Alexis Rhone Fancher 9 p.m., March 4
Till Warner Bros. Cry, "Gatsby, Gold-Hatted, Thrice-Tanking Gatsby, We Must Reboot You!"
Hollywood is going to produce a successful remake of F. Scott Fitzgerald's The Great Gatsby if it kills us.
The Great Gatsby (1926)
Adapted from the Broadway production written by Owen Davis and directed by George Cukor (!), the first filmed version was signed by the relatively obscure Herbert Brenon. All that remains of this lost film is its trailer. Silent screen matinee idol Warner Baxter starred as Gatsby opposite Lois Wilson's Daisy. Neil 'Commissioner Gordon' Hamilton played Nick Carraway and William Powell (a Gatsby if ever there was one) appeared as George Wilson.
The Great Gatsby (1949)
Alan Ladd as Jay Gatsby?! That inanimate little runt? Suddenly Redford looks good.
Tyrone Power agreed to star in the title role only if Gene Tierney would play his Daisy. 20th Century Fox agreed to loan her out, but producers thought her beauty would act as a deterrent and the part went to Betty Field. Power took a powder and the part went to Ladd.
The Ladd restatement, directed by Elliott Nugent, has been virtually impossible to see for decades. Earlier this year film preservationist Eddie Mueller convinced Universal, the studio that now owns the rights to the 1949 version, to strike a brand new 35mm for San Francisco's Noir City Film Festival.
http://www.youtube.com/watch?v=U2jh6XkjrHU - Watch it on YouTube!
When studios remade their own product, it was common practice back in the day to withdraw the original from circulation. That way, television (or a shrewd revival house programmer) couldn't cash in on (and draw box office dollars from) King Kong (1976) by showing King Kong (1933) when the remake was released. Studios wanted to avoid comparison so that their latest interpretation would stand as the definitive telling.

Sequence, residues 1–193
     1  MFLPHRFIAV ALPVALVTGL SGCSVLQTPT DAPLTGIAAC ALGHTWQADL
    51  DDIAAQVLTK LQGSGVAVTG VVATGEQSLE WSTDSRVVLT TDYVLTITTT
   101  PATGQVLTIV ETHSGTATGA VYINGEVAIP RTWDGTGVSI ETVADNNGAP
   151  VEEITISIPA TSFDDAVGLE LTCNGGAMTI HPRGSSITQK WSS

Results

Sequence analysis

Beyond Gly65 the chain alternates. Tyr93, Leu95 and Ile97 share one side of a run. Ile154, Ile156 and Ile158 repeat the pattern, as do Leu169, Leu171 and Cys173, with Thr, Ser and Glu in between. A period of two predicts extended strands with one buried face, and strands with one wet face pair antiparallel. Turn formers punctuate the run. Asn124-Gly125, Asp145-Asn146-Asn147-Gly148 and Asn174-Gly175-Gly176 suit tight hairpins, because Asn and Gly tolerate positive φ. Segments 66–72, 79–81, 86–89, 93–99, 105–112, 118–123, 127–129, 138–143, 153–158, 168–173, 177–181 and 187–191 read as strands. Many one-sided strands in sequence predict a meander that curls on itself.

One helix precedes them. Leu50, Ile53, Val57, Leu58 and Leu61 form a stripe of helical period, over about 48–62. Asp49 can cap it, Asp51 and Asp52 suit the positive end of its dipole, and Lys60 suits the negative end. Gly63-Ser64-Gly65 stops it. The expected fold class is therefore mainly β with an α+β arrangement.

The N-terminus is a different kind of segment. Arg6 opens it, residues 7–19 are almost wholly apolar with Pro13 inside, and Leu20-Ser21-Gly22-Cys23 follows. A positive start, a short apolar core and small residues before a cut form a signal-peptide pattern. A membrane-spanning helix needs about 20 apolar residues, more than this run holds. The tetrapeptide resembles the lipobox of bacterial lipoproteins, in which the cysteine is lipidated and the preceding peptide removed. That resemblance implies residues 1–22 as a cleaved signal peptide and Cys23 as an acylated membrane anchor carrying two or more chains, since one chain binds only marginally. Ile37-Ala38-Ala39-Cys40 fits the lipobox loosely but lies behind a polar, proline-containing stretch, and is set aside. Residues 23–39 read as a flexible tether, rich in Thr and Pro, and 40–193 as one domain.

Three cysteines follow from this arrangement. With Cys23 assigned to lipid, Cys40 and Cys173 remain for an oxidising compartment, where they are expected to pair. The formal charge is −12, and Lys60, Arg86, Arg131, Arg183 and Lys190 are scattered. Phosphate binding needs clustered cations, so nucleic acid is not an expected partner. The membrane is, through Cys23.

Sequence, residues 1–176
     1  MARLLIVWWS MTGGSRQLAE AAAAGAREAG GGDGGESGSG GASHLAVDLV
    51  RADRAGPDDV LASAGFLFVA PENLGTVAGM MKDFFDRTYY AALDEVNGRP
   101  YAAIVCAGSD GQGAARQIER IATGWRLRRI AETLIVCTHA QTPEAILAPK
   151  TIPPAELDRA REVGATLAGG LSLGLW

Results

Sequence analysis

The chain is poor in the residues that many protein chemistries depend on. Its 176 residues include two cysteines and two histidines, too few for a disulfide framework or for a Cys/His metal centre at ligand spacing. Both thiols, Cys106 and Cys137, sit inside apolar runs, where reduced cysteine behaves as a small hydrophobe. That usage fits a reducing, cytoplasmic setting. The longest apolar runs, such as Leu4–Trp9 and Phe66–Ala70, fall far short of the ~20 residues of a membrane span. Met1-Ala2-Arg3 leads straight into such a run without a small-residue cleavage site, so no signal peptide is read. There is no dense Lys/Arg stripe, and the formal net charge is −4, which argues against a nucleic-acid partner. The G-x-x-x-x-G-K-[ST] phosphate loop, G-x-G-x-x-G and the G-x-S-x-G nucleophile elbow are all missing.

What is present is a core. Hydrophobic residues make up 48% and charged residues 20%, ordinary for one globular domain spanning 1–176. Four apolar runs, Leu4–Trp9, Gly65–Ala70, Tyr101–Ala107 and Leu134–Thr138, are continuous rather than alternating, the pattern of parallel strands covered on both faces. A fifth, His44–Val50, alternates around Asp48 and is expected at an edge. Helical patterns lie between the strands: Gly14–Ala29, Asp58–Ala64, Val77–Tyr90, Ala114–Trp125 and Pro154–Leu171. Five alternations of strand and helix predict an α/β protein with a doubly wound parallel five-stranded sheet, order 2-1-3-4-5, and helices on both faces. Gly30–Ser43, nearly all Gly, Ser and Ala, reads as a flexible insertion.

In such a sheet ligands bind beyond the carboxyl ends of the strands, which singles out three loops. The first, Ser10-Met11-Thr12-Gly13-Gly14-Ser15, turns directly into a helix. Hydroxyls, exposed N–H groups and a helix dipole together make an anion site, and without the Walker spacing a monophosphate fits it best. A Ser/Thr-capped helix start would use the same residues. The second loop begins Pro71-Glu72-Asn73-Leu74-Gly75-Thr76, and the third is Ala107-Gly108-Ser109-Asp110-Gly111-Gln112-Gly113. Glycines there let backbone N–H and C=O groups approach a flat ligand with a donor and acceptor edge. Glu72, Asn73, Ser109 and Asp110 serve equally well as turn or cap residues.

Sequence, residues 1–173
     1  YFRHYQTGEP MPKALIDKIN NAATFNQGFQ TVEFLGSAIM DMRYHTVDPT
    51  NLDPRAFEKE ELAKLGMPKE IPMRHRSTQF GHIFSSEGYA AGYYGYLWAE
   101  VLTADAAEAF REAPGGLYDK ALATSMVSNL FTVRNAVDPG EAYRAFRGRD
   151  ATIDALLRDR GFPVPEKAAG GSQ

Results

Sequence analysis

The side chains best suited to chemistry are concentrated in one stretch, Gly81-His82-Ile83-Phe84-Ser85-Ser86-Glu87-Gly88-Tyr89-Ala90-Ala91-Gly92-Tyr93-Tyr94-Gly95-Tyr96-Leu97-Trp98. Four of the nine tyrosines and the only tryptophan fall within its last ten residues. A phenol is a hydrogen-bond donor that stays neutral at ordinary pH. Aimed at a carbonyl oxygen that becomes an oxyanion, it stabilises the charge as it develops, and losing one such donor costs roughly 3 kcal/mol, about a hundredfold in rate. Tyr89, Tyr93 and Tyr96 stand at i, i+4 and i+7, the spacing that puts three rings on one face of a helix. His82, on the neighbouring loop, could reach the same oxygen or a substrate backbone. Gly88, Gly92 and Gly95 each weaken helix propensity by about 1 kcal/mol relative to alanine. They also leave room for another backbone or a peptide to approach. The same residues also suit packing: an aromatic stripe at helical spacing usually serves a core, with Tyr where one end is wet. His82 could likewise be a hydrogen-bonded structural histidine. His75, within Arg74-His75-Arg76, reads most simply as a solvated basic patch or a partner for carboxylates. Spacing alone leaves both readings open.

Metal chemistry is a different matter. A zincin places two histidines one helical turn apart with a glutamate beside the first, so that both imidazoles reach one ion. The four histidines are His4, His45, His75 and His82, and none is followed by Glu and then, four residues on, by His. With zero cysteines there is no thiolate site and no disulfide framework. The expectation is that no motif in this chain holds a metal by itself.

This was the case when Paramount decided to produce yet another adaptation in 1974.
The Great Gatsby (1974)
Was it Watergate that caused this big budget adaptation to tank? Mia Farrow blames the lack of chemistry between her and pretty boy of the moment, Robert Redford, on the notorious break-in. Redford had difficulty turning on the allure due to his non-stop consumption of the events of the scandal. According to Farrow, her co-star spent all of his spare time in a trailer watching the story play out on television.
Literary giants Truman Capote, Vladimir Nabokov, Philip Roth, and Thomas Pynchon were said to have had a hand in writing the screenplay. Francis Ford Coppola received sole screen credit, but claimed director Jack Clayton paid little mind to his script. According to Coppola, "The script that I wrote did not get made."
The Great Gatsby (2012)
Glorified set dresser/music video director, Baz Luhrmann (Strictly Ballroom, Moulin Rouge!) tries his hand at a costly 3D reboot starring Leonardo DiCaprio as Gatsby and Carey Mulligan as Daisy.
I'm guessing there are more cuts in this two-and-a-half minute trailer than there are in the entire '49 version.
Warner Bros. bankrolled Luhrmann's $125 million simplification which is slated for a Christmas Day opening.
More like this:
- Afterimage: Funny, Gatsby doesn't look Jewish — May 16, 2013
- Never mind the Jay Gatsby, here comes the Jay-Z — March 14, 2013
- A Closer Look at the Trailer for Twilight: Breaking Dawn - Part 2 — July 26, 2012
- A Closer Look at the Trailer for Oz the Great and Powerful — July 13, 2012
- More Fun with The Great Gatsby — Dec. 1, 2011